The Dollar Kids

Dear Reader,

Isn’t life astonishing? There are so many wondrous things in this world, so many amazing people. And each life is uniquely valuable. 

You already knew all that?  I thought so.

But this novel says it in a whole new way, one that will make you walk away laughing and feeling happy. 

Horvath, Polly. Very Rich. New York: Puffin, 2018.

Ten-year-old Rupert is hungry and neglected. Neither of his parents care for him. But one Christmas he’s invited into the wealthy home of an eccentric family. Suddenly, his life is completely changed. If you’ve read other stories by Polly Horvath, you know that at least a little wackiness is ahead. Be ready for the unexpected! 

More humorous stories

 

 

 

 

Learning to love the little things

Winter, Jonah. Born and Bred in the Great Depression. New York: Schwartz & Wade Books, 2011.
The author tells the story of his father’s childhood in Texas during the 1930s. Told from the second person point of view, this beautifully designed picture book with pencil, ink, and watercolour illustrations by Kimberly Bulcken Root is accompanied by black and white photographs. Highly recommended for readers 8 years old and up.

More biographies

More stories from the second person point of view

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Stories set in Texas

“My parents survived the Great Depression and brought me up to live within my means, save some for tomorrow, share and don’t be greedy, work hard for the necessities in life knowing that money does not make you better or more important than anyone else.” – David Suzuki, Canadian environmental activist and science broadcaster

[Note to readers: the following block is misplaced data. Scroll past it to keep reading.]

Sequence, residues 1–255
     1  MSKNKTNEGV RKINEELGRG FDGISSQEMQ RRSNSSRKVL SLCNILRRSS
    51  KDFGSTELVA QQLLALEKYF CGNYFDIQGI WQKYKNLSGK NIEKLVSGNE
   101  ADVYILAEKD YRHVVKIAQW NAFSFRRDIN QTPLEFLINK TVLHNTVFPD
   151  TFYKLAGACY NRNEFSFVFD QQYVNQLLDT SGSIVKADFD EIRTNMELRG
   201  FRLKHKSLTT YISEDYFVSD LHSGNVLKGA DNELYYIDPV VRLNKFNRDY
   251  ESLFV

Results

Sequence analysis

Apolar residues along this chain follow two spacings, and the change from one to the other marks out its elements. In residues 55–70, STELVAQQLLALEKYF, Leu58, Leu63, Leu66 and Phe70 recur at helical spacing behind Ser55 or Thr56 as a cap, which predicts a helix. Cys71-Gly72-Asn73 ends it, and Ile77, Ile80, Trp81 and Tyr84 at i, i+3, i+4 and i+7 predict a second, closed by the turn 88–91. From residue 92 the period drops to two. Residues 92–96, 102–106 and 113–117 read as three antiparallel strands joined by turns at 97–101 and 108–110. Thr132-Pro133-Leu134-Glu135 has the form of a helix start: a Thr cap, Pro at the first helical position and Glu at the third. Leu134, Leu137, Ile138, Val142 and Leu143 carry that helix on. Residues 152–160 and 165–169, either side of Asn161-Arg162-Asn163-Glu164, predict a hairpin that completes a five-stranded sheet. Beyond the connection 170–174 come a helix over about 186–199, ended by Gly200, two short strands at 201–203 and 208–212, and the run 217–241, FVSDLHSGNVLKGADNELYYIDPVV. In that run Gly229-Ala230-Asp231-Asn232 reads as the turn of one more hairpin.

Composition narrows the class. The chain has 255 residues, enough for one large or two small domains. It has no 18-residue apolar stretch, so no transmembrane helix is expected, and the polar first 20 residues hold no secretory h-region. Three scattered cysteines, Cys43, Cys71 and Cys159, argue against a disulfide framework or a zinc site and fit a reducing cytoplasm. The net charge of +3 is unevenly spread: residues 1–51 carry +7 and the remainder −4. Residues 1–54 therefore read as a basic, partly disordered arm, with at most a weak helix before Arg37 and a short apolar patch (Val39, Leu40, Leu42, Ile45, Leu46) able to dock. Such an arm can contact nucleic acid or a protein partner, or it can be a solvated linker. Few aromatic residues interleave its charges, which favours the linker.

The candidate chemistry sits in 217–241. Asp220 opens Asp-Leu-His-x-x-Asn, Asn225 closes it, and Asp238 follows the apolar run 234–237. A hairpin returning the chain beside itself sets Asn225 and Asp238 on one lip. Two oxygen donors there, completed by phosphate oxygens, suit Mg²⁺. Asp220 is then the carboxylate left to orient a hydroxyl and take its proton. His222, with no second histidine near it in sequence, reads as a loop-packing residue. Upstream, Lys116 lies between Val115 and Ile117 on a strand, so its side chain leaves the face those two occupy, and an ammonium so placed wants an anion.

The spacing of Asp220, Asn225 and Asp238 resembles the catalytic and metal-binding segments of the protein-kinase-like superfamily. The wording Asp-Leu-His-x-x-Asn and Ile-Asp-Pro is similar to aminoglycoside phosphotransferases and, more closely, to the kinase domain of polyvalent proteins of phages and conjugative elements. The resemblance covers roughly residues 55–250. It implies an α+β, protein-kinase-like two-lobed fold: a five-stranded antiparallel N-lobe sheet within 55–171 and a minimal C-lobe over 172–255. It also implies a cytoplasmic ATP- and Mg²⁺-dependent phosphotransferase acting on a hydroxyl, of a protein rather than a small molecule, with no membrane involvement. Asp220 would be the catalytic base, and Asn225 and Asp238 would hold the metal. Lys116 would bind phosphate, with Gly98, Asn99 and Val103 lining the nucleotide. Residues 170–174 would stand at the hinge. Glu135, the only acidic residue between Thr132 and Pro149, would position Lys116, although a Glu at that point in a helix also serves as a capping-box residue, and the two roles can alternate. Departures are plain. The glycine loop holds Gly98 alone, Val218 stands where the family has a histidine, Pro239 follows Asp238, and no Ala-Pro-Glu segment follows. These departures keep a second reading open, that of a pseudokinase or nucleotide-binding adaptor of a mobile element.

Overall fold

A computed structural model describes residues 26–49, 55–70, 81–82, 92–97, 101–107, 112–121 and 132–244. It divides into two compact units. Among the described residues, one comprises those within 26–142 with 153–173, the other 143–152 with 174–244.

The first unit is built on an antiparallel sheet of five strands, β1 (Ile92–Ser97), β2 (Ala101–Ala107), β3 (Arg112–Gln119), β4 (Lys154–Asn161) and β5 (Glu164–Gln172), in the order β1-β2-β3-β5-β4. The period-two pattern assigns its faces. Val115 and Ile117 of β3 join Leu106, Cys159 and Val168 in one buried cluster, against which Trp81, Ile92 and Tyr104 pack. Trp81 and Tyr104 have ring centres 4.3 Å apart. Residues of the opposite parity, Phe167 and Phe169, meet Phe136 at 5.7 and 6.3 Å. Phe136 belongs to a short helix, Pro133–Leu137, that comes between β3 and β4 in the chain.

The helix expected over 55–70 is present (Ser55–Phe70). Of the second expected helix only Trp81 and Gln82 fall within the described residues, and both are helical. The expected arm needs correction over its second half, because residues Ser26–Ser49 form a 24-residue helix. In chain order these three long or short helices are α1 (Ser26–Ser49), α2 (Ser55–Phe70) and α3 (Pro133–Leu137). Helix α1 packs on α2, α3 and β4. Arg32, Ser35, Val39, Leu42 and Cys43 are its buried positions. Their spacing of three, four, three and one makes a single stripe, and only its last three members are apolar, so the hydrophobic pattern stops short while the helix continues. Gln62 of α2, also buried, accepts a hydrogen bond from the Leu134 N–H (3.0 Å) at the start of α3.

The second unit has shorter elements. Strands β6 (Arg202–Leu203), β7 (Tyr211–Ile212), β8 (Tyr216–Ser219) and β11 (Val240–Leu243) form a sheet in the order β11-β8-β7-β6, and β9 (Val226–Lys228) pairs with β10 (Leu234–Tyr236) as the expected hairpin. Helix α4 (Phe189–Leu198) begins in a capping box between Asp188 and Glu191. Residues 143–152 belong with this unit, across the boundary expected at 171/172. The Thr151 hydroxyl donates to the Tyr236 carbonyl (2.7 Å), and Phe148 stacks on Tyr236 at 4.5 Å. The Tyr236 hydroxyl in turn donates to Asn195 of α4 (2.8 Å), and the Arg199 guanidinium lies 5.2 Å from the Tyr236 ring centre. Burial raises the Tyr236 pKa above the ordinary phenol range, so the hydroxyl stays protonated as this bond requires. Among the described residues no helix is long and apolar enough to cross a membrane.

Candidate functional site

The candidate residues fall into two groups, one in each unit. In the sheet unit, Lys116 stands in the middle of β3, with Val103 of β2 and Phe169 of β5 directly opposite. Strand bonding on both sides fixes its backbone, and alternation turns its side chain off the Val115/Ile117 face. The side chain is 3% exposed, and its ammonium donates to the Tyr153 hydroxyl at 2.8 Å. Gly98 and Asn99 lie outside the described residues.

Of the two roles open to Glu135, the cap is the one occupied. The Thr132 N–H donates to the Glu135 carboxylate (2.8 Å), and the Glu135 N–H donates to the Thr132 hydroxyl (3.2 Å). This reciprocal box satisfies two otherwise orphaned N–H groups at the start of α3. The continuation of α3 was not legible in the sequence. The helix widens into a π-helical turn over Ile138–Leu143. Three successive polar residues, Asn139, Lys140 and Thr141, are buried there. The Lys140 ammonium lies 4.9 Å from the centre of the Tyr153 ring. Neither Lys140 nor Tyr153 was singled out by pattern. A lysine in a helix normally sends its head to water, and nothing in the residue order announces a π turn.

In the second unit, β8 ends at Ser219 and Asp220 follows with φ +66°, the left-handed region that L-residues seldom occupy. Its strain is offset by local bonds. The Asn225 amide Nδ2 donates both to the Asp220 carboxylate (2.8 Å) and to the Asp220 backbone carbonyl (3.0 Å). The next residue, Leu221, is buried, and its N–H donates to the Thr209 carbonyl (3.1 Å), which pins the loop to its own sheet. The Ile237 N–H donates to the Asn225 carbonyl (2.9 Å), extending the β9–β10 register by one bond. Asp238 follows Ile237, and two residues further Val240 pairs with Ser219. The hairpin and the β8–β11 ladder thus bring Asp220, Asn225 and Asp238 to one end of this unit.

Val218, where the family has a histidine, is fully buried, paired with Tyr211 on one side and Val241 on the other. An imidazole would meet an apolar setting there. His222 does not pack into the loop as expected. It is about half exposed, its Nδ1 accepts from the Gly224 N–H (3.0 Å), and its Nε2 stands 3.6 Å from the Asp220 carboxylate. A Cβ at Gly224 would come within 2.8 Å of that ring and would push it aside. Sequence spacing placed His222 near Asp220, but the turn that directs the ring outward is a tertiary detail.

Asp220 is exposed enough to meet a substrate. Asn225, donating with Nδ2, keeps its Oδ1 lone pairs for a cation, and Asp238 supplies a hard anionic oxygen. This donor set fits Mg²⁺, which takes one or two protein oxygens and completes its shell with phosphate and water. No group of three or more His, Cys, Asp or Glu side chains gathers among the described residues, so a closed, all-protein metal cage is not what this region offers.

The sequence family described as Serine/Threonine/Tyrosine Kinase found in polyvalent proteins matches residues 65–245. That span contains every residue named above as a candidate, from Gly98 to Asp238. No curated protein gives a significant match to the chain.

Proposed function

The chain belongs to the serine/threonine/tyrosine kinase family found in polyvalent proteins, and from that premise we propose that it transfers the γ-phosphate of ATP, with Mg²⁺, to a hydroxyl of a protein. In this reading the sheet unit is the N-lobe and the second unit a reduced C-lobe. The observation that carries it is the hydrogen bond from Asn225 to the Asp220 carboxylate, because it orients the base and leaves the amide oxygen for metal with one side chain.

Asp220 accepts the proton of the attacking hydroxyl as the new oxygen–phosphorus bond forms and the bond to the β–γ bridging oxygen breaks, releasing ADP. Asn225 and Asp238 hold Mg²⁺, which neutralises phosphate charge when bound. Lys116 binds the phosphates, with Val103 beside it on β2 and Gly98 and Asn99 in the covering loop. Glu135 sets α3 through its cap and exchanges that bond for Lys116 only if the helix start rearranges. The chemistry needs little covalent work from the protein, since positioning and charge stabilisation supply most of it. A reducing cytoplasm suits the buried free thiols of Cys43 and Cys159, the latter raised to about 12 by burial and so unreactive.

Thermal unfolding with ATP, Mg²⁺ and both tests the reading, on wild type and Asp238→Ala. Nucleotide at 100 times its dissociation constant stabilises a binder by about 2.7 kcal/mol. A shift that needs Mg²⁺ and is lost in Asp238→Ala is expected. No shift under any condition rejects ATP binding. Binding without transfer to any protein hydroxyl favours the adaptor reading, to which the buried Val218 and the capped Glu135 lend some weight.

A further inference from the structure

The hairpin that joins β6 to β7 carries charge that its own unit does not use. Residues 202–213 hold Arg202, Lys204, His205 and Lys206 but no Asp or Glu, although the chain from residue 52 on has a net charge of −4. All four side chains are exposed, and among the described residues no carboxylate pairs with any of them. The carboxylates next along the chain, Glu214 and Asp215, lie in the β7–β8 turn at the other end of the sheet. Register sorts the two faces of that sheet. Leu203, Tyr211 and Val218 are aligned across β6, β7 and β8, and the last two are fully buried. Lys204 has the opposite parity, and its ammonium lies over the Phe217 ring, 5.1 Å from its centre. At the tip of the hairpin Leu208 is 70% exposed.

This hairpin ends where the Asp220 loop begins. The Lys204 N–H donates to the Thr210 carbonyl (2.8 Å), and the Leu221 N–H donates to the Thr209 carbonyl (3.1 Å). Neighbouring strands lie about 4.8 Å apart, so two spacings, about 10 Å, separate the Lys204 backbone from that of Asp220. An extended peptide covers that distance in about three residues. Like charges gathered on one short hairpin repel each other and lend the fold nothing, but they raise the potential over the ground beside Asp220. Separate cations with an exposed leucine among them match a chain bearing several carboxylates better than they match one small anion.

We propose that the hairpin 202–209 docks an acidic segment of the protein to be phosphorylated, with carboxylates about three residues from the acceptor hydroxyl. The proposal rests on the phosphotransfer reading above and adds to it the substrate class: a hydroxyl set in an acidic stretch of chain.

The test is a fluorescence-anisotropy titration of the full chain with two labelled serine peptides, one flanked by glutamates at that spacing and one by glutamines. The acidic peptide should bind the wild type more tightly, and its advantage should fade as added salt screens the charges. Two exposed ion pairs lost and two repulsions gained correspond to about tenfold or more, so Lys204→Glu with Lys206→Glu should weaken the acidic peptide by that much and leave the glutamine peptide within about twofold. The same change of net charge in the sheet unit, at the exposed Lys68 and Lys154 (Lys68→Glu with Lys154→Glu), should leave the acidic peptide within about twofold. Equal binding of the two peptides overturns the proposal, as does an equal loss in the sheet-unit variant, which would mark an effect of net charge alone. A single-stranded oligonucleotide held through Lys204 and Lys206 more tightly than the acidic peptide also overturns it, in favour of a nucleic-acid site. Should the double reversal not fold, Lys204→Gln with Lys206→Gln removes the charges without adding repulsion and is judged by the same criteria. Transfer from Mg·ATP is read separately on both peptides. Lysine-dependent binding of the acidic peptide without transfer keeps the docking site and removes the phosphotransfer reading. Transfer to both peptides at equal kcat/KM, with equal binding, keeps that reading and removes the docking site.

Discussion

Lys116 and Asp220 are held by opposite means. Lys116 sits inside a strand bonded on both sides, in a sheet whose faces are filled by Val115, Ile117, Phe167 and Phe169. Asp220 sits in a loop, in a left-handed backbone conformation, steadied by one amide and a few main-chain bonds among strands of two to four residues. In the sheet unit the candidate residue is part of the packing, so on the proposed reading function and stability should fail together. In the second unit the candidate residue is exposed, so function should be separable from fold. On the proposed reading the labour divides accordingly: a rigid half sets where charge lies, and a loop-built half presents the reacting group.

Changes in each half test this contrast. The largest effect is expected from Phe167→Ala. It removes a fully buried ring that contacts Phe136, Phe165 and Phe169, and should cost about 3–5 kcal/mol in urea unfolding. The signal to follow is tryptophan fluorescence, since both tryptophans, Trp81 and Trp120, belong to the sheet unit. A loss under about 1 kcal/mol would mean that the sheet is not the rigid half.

What do you see?

“Prejudice is a great time saver. You can form opinions without having to get the facts.” – E.B. White, author of Charlotte’s Web

Wung-Sung, Jesper. The Last Execution. New York: Atheneum Books for Young Readers, 2016. Translated by Lindy Falk van Rooyen.
Chapter by chapter, the final hours count down to the last execution in Danish history. Chapter by chapter, eleven bystanders reveal their thoughts about the 15-year-old boy accused of arson and murder.  And in each chapter, we also hear the voice of that forlorn and forsaken boy. Based on a true story from 1853, this heart-wrenching novel of poverty and prejudice is highly recommended for thoughtful readers 14 years old and up. 

More stories of historical fiction

More stories of poverty

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